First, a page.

2,378,424 / moxifloxacin / AVELOX
Warner-Lambert Company, LLC v Actavis Group Ptc & Ors  EWCA Civ 556 (28 May 2015)) rev’g  EWHC 249 (Pat) (indirect infringement)
EP 0 934 061 / pregabalin / LYRICA
Liability for inducing infringement raises the question of how the patentee’s rights should be protected when the defendant sells a product which is capable of non-infringing uses, but is likely to be put to an infringing use. This question often arises in the context of second medical use patents. The ‘424 patent at issue in Bayer v PPC / moxifloxacin is a formulation patent and PPC’s product can be used post-sale to make the formulation, so this case raises essentially the same question as second medical use patents. Lafrenière J struck the portions of Bayer’s application for an order of prohibition alleging that PPC would induce infringement of the ‘424 patent on the basis that Bayer had no reasonable chance of establishing inducement by PPC. The recent decision of the EWCA in Warner-Lambert v Actavis provides a helpful European perspective on the issue, albeit in the context of Swiss form claims. (An excellent summary is provided by the IPKat.) The comments in this post are tentative, as this issue deserves an article rather than a blog post.
The law of inducement seeks to encourage cost-effective enforcement of its rights by the patentee, while at the same time ensuring that the public is not impeded in engaging in non-infringing activity. The “cost-effective” part of the rationale is central. Inducement is not necessary to allow the patentee to enforce its patent rights, as inducement (normally*) requires an act of direct infringement and the patentee could in principle enforce its rights by proceeding against the direct infringer. But that is not always practical. It is often more efficient to pursue a single intermediary which in some way facilitates infringing activity, as Napster illustrates in the copyright context. But once we move away from direct infringement, we must be careful not to impede the defendant who facilitates non-infringing activity as well.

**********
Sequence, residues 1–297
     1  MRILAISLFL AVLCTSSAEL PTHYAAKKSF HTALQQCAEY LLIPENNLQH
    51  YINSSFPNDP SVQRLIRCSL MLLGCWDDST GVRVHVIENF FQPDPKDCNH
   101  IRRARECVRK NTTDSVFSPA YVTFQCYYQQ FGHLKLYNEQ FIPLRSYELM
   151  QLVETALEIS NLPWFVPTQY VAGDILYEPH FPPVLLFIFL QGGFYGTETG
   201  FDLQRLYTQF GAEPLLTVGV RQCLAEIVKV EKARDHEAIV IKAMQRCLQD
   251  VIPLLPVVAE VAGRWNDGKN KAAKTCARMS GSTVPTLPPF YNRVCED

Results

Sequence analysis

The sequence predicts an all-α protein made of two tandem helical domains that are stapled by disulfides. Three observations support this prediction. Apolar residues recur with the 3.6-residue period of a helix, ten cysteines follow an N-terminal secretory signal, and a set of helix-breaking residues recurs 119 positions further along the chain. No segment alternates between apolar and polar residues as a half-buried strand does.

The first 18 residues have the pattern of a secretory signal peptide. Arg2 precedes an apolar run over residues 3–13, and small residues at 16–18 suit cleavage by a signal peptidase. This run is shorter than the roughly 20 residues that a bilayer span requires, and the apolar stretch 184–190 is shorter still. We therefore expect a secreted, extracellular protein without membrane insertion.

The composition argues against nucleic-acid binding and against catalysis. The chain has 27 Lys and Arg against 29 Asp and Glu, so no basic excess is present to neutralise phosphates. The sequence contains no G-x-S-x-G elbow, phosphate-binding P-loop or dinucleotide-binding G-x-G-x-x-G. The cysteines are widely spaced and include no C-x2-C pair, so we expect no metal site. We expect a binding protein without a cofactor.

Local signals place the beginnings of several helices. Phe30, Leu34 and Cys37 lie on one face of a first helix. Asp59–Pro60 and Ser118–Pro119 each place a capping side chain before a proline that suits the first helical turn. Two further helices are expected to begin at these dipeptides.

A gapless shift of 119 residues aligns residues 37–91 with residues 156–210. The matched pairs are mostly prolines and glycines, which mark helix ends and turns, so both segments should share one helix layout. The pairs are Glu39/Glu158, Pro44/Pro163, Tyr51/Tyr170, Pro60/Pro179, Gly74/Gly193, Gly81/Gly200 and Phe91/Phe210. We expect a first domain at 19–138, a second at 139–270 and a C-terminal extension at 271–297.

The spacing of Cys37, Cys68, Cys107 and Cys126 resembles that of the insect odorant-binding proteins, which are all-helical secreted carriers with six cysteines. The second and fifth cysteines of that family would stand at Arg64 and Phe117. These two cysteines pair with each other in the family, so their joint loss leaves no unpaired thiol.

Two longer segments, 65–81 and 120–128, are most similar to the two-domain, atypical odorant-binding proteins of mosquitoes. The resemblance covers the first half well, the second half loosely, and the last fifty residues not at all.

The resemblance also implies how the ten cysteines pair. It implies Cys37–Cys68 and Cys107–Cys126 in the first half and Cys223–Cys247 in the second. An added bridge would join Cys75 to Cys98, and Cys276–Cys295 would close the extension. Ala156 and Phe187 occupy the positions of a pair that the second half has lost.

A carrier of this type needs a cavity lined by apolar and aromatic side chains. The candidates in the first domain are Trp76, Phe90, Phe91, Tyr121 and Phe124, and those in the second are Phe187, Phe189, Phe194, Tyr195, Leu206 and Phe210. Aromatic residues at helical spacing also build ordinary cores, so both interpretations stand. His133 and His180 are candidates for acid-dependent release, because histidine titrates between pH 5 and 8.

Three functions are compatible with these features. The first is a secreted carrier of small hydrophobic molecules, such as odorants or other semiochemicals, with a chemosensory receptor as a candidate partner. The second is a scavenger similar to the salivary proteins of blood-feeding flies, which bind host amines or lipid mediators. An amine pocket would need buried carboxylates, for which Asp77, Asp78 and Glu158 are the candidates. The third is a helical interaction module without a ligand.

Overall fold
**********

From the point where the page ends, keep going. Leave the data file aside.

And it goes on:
From this it follows that in order to establish inducement, it is not enough that infringement is the inevitable result of the defendant’s activity because the infringing uses, though inevitable, may be a small proportion of the overall sales. It is inevitable that some people will drive drunk, but we do not for that reason enjoin the sale of cars by auto dealers. So, the Canadian three prong test for inducement of infringement set out in Corlac v Weatherford 2011 FCA 228  is as follows:
First, the act of infringement must have been completed by the direct infringer. Second, the completion of the acts of infringement must be influenced by the acts of the alleged inducer to the point that, without the influence, direct infringement would not take place. Third, the influence must knowingly be exercised by the inducer, that is, the inducer knows that this influence will result in the completion of the act of infringement.
The inducement element – that the direct infringement was influenced by the inducer – and the knowledge element – that the inducer knows of the resulting infringing act – go beyond simple inevitability of infringement. The second branch in particular requires the defendant to actively encourage the infringement in some way: MacLennan v Produits Gilbert Inc 2008 FCA 35 ; 2009 FC 1102 ; Pharmascience 2006 FC 861 .